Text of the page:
- Author: Kathy Keatley Garvey
One of the most prominent and distant--as in far away--visitors to the Häagen-Dazs Honey Bee Haven, the half-acre bee friendly garden on Bee Biology Road, UC Davis, was Mark Leech of Launceston, Tasmania, Australia.
Leech visited the garden several years ago to research his book, Bee Friendly: A Planting Guide for European Honeybees and Australia Native Pollinators for the Australian Rural Industries R&D Corp (RIRDC).
"The book," he told us, "is to encourage planting for bee forage across the landscape from urban to the rural environment and all climate zones."
Leech recently provided us with a copy of the finished work, which is absolutely magnificent. It's informative, educational and colorful and is bound to make a difference.
On Page 1, he writes: "The world has become aware of the plight of the honeybee. The reported collapse of honeybee population in North America and Europe, and the fear of a food crisis, have led people around the world to become concerned. Shrinking resources, increased urbanization, ever expanding corporate agriculture with its push for monoculture, greater use of insecticides and herbicides, changes to grazing practices, a global warning trend and climatic chare are all placing pressure on honeybee and native pollinator population. It is in this context that this book was produced, to guide planting decisions in favour of plants theat benefit honeybees and native pollinatiors."
He devotes one page to the Häagen-Dazs Honey Bee Haven, which was planted in the fall of 2009 and is operated by the UC Davis Department of Entomology and Nematology. "In response to colony collapse and threats to the US apiary industry, Häagen-Dazs, a well-known ice cream brand, launched the Häagen-Dazs Loves HoneyBees' campaign in February 2008, committing significant funding to both the University of California, Davis and Pennsylvania State University for honeybee research. Its contribution to UC Davis resulted in a bee garden as a demonstration, education and research tool."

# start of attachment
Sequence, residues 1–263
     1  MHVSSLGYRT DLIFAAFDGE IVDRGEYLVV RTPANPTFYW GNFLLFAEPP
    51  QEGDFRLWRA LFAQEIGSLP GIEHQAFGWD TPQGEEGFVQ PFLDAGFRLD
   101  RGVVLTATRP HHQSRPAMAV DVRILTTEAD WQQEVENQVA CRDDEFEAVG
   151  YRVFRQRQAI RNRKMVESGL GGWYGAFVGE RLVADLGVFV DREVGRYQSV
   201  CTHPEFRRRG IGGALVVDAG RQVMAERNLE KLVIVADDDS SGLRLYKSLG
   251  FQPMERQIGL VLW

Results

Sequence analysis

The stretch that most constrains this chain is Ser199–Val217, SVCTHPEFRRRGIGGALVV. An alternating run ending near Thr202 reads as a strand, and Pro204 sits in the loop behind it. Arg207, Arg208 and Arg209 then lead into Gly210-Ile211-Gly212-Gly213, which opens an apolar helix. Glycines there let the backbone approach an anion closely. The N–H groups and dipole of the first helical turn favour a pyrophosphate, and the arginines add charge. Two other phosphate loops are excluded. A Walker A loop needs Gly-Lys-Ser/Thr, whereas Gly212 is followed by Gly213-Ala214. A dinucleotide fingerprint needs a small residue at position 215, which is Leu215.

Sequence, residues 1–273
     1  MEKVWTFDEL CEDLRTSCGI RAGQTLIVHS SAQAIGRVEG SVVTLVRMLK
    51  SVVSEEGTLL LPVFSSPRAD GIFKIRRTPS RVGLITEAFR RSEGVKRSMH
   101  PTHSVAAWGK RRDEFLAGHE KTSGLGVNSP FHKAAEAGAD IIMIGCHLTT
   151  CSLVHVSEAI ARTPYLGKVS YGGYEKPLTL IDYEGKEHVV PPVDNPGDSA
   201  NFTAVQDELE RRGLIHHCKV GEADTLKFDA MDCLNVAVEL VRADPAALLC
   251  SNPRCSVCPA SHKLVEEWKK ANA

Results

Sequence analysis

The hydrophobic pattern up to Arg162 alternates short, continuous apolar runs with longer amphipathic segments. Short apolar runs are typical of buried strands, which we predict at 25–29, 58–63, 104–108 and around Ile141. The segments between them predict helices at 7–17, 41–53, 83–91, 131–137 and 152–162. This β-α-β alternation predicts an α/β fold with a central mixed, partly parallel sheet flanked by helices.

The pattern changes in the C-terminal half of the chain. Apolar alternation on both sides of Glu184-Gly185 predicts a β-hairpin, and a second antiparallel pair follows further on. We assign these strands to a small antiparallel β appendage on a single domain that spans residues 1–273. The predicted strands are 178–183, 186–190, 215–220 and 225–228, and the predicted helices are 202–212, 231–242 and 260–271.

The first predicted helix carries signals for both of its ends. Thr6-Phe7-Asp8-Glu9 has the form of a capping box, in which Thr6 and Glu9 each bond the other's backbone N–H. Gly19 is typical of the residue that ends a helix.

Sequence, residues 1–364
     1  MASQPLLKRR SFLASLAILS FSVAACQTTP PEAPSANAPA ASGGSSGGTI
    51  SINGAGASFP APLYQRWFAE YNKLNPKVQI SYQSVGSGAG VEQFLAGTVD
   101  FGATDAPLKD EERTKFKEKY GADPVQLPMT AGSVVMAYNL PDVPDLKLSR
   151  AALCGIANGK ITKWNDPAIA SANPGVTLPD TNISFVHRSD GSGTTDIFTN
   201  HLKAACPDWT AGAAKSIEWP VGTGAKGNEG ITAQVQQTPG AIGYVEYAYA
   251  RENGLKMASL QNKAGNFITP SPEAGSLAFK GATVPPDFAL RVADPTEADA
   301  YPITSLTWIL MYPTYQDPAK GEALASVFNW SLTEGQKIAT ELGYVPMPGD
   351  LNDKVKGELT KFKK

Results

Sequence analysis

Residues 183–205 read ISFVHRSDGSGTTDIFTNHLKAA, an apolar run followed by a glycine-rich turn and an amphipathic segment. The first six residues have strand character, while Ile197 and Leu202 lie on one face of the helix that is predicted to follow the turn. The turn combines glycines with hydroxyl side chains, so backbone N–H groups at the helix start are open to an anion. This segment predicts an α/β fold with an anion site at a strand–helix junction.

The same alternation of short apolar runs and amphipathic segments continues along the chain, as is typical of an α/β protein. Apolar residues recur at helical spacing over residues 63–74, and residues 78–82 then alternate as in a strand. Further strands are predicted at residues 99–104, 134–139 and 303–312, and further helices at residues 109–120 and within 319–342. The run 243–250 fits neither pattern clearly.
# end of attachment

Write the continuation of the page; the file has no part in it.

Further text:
"The purpose of the Honeybee Haven garden is to provide a year-round food source for honeybees," Leech continued. "One of the design criteria in the competition that was held was that the Honeybee Haven should inspire the development of honeybee garens in a variety of settings, including backyards, public gardens, agricultural easements, urban rooftoops and other urban species."
For the front and back covers of the book, Leech chose an mage of a bee foraging on a pink zinnia (a photo taken by yours truly in the Häagen-Dazs Honey Bee Haven).
His species pages contain 193 species, native and exotic, "that were chosen to represent a selection of useful bee forage. Many of the plants are known as top producers of both pollen and nectar, a few are nectar only, and some are pollen only."
Among those contributing to the book from the United States: Extension apiculturist Eric Mussen of the UC Davis Department of Entomology and Nematology; Kim Flottum, editor of Bee Culture; bee scientist Marla Spivak of the University of Minnesota; and Kathy Kellison, executive director of Partners for Sustainable Pollination.
It's a book well worth reading. You can download a free PDF of the book from the Rural Industries Research and Development Corporation website at http://www.rirdc.gov.au/. Go to publications and look under honeybees. You can also order a bound copy through Mark Leech at firstname.lastname@example.org.